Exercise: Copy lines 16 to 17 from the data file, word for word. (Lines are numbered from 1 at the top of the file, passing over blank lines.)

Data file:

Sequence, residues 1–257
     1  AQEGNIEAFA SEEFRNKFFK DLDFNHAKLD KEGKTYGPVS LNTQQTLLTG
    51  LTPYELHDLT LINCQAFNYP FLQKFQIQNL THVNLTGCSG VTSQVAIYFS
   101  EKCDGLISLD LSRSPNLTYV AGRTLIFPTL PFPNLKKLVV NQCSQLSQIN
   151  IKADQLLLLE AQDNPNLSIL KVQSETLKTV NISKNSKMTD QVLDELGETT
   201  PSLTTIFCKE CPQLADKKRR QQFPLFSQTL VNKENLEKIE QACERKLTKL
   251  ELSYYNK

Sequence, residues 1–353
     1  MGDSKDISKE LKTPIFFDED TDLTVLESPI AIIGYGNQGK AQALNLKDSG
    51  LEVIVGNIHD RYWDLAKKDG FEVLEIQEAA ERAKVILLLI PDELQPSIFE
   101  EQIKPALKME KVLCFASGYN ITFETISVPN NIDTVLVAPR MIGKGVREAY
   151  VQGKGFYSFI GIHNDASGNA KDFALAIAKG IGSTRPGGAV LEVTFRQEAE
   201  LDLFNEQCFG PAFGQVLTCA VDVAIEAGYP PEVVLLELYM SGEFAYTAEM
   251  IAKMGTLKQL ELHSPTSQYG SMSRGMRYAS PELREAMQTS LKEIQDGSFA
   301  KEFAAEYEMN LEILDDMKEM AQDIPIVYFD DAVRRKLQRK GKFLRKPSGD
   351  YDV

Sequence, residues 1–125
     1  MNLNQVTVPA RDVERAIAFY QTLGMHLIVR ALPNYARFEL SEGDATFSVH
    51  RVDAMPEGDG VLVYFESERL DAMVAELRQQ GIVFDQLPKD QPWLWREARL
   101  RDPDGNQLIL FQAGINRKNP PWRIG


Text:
   351  YDV

Sequence, residues 1–125